Military diving

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Underwater divers may be employed in any branch of an armed force, including the navy, army, marines, air force and coast guard. Scope of operations includes: search and recovery, search and rescue, hydrographic survey, explosive ordnance disposal, demolition , underwater engineering, salvage, ships husbandry, reconnaissance, infiltration, sabotage, counterifiltration, underwater combat and security.[1]

History of military diving[edit]

Military divers are essential to many missions and campaigns. Combat and demolition work, underwater and coastal reconnaissance, ordnance disposal, search and rescue, salvage operations, construction, ship maintenance and underwater engineering. Every branch of the U.S. military employs divers, and more than 40 nations have military diving units. Military diving is an occupation that has risks and responsibilities beyond those of other professional diving. Research and development in military diving equipment and procedures often eventually contributes to recreational and technical diving practice.[1]

Military diving development was influenced by the development of submarine technology in the early 20th century. There were several serious accidents following the widespread deployment of submarines, and the main application for military diving at that time was salvage and later rescue and recovery operations. Submarine escape equipment development helped with early scuba development.[1]

Combat diving.[1]

Fleet and engineering diving.[1]

Application of diving by branches of the military[edit]

  • Navy divers are used in ships husbandry, marine construction and salvage, demolition and mine clearance and special forces.
  • Army divers may be used in engineering activities such as bridge construction and demolition, and by special forces units.
  • Marine divers may be used for reconnaissance, preparation for amphibious operations, coastal demolition, disposal of explosives and special operations
  • Air forces frequently use divers for search and rescue missions.
  • In some countries the coastguard is considered to be a military force, and there are several applications for coastguard diving operations both operationally and for ships husbandry purposes.

Armed forces with diving units[edit]

Scope of operations[edit]

Tactical diving[edit]

Clearance diving[edit]

Clearance divers are specialists in underwater demolition, explosive ordnance disposal and improvised explosive device disposal. They are tasked with locating and destroying or recovering underwater ordnance at sea in ships, in the approaches to ports and anchorages, in port facilities and installations and in the coastal environment of amphibious operations.[2]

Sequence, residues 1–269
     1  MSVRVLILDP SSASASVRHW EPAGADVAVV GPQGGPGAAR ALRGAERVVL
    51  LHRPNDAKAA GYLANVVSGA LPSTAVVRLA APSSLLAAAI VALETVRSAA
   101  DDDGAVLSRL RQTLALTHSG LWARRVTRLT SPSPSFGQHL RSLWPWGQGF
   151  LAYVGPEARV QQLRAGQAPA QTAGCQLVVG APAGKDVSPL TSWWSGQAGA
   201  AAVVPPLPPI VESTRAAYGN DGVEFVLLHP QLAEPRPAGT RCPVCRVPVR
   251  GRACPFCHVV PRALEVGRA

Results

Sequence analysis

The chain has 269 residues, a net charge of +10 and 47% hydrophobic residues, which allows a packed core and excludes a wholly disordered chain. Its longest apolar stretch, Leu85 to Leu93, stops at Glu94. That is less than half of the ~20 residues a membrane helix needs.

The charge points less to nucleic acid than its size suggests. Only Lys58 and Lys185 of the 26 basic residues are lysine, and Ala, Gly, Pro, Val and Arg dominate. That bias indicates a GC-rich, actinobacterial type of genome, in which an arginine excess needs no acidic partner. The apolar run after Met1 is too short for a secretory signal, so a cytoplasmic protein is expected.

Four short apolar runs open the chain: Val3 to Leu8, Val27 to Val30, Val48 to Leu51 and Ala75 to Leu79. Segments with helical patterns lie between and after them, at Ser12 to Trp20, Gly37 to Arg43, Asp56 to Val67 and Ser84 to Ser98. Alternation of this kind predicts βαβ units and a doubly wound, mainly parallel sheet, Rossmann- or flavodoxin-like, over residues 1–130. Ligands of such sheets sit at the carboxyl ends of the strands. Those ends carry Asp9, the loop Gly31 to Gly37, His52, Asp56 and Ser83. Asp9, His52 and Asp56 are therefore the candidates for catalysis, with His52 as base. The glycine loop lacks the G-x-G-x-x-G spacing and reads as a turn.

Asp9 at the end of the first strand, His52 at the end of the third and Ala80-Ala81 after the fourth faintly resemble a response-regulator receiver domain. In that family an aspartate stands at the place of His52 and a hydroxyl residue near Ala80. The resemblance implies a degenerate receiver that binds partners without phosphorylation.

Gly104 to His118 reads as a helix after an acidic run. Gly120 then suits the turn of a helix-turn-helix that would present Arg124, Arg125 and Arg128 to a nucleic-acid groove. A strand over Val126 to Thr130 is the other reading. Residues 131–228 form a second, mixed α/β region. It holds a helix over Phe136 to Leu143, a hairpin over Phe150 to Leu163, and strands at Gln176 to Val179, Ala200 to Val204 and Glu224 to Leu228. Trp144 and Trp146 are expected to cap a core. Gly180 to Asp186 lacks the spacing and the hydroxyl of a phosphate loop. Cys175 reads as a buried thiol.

Ships husbandry[edit]

Ships husbandry or ship husbandry is all aspects of maintenance, cleaning,[3] and general upkeep of the hull, rigging, and equipment of a ship. It may also be used to refer to aspects of maintenance which are not specifically covered by the technical departments.[4] The term is used in both naval and merchant shipping,[5] but naval vessel husbandry may also be used for specific reference to naval vessels.[6] Underwater ships husbandry includes hull cleaning, inspection, and some kinds of repair work.[7]

Marine salvage[edit]

Underwater engineering[edit]

Search and rescue[edit]

Search and recovery[edit]

Underwater search and recovery is the process of locating and recovering underwater objects, often by divers.[8] but also by the use of submersibles, remotely operated vehicles and electronic equipment on surface vessels.[9][10]

Recovery techniques depend upon the type and size of the object. Smaller objects, can simply be carried up by the diver. Heavier objects represent a material change to the diver's buoyancy control, and may put the diver at risk from an uncontrolled ascent if contact with the object is lost during ascent. Medium-sized objects are normally recovered using a lifting bag. Lift bags can be rated up to several tons, but these require an independent supply of inflation gas. Large objects usually require specialised commercial lifting equipment.

Military diver training[edit]

See also[edit]


  1. ^ a b c d e Grollimund, Tim (2014). "Military Diving - A history of innovation". Alert Diver. Durham, North Carolina: Divers Alert Network. Summer 2014. Retrieved 29 November 2018.
  2. ^ "Navy Clearance Diver". Retrieved 30 November 2018.
  3. ^ Nelson, Mark. "Ship's Husbandry". Jackspeak of the Royal Canadian Navy. Retrieved 19 March 2017.
  4. ^ Staff. "1: Hull Maintenance". Ship Husbandry (PDF). Royal Australian Navy Apprentice Training Establishment.
  5. ^ Jensen, Milinda D. (3 March 2004). "Underwater Ship Husbandry Combines Navy, Civilian Divers into Successful Team". Story Number: NNS040303-02. Naval Sea Systems Command Public Affairs. Retrieved 19 March 2017.
  6. ^ Staff (2014). "Naval Vessel Husbandry". Strategy Logistics. Retrieved 19 March 2017.
  7. ^ "Underwater Ship Husbandry: Nature of Discharge (EPA-842-R-99-001.)" (PDF). Phase I Final Rule and Technical Development Document of Uniform National Discharge Standards. United States Environmental Protection Agency. April 1999. Retrieved 19 March 2017.
  8. ^ PADI (2003). PADI Search & Recovery manual. ASIN: B000YPP84E. United States: PADI.
  9. ^ US Navy (2006). US Navy Diving Manual, 6th revision. United States: US Naval Sea Systems Command. Retrieved 2008-06-15.
  10. ^ NOAA Diving Manual, 4th Edition CD-ROM prepared and distributed by the National Technical Information Service (NTIS)in partnership with NOAA and Best Publishing Company